Weakness, limping or the inability to stand or walk normally

Heavy discharge from eyes or nose

An owner striking or otherwise physically abusing an animal

Visible signs of confusion or extreme drowsiness

Pets are tied up alone outside for long periods of time without adequate food or water, or with food or water that is unsanitary

Pets are kept outside in inclement weather without access to adequate shelter

Pets are kept in an area littered with feces, garbage, broken glass or other objects that could harm them

Animals are housed in kennels or cages (very often crowded in with other animals) that are too small to allow them to stand, turn around and make normal movements

What to Do If You Witness Animal Abuse

If you've witnessed an act of animal abuse, it's important to report the incident to your local law enforcement agency, animal control agency, humane society or taxpayer-funded animal shelter. Veterinarians should take meticulous clinical notes and may even ask the owner, "Do you think someone may have hurt the animal?"9

You'll need to find out who is responsible for investigating and enforcing anti-cruelty laws in your area. If one of the agencies mentioned does not do this, they should be able to direct you to the proper authorities.10 Please do speak up for the animals around you, as they do not have a voice for themselves.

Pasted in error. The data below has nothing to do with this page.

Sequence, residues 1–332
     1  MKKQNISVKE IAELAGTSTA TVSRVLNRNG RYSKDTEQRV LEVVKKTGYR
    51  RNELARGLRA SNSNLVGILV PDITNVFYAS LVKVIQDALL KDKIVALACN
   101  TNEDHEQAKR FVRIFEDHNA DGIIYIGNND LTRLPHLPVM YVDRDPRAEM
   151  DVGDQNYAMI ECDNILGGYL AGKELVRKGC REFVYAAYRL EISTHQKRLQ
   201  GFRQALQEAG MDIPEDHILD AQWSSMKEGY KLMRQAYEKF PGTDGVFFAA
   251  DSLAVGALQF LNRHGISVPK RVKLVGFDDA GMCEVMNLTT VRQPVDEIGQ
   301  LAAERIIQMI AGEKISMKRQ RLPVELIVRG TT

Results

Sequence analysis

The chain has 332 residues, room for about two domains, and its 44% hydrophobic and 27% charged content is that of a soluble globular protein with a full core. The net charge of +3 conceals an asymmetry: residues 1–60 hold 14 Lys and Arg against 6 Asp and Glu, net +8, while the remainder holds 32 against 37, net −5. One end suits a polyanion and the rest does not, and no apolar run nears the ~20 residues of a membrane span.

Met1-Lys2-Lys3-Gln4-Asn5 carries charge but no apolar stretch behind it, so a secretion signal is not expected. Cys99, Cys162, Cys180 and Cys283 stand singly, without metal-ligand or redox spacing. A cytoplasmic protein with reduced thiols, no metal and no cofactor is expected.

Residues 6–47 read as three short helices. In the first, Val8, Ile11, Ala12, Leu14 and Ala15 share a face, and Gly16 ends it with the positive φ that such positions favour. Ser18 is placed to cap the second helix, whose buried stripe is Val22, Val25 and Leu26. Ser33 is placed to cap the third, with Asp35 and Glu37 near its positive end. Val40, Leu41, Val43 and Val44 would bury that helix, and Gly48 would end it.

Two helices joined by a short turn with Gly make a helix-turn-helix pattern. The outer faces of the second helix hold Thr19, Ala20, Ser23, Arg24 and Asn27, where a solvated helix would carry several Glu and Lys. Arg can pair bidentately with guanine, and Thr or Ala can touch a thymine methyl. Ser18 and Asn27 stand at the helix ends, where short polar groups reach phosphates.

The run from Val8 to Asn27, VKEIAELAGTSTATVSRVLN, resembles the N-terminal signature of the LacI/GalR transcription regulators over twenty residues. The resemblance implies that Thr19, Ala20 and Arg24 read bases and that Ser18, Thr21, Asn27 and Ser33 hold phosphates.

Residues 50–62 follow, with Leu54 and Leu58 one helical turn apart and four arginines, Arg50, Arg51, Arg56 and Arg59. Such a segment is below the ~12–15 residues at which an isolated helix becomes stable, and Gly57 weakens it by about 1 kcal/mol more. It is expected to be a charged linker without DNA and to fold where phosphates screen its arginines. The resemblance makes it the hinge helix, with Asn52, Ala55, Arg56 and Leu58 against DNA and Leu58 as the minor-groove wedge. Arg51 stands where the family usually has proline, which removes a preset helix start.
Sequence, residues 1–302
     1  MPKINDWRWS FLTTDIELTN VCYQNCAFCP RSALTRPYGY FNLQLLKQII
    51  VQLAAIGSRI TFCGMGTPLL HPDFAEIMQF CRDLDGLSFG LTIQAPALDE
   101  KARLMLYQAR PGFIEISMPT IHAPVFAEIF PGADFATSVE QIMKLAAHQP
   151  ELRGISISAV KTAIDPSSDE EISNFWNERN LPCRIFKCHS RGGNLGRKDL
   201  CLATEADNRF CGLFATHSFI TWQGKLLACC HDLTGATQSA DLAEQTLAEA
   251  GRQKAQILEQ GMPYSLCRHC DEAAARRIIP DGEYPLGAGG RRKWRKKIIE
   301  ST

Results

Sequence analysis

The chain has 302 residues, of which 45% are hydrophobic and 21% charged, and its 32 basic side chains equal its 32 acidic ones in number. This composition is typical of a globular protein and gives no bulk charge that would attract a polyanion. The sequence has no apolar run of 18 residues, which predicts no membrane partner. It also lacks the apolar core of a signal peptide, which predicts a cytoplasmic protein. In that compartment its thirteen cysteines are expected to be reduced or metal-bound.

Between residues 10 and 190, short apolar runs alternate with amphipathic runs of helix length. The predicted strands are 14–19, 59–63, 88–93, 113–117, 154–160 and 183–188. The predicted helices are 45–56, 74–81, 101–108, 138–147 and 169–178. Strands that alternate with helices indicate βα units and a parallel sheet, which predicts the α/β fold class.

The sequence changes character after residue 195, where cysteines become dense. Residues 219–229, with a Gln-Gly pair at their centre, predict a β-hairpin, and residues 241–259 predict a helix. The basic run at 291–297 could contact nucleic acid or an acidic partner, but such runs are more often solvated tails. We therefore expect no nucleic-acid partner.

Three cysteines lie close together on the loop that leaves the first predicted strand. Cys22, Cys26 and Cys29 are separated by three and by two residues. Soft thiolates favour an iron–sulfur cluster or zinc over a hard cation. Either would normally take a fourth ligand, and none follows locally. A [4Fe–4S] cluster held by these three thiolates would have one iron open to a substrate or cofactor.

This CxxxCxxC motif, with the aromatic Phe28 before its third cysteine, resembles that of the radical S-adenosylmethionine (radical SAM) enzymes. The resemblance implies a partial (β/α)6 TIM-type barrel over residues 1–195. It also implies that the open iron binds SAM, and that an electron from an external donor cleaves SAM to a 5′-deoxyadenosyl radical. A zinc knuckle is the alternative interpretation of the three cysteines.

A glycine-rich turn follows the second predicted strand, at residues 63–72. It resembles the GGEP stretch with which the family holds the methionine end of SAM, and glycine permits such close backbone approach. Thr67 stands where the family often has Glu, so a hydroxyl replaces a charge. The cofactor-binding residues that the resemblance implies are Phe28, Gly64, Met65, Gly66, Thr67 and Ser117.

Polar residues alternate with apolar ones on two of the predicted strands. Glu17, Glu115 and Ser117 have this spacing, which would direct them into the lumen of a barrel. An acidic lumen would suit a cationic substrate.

When reporting an incident, give as much information as possible, including dates, times and the location of the animals. If possible, include photos of the location or animals, and remember to follow up on any reports you've made to authorities if you don't hear back in a timely manner.

Also, while you may report animal abuse anonymously, cases are more likely to be pursued if there are credible witnesses available to back up the report. So, ideally, share your contact information and that of anyone else who witnessed the event.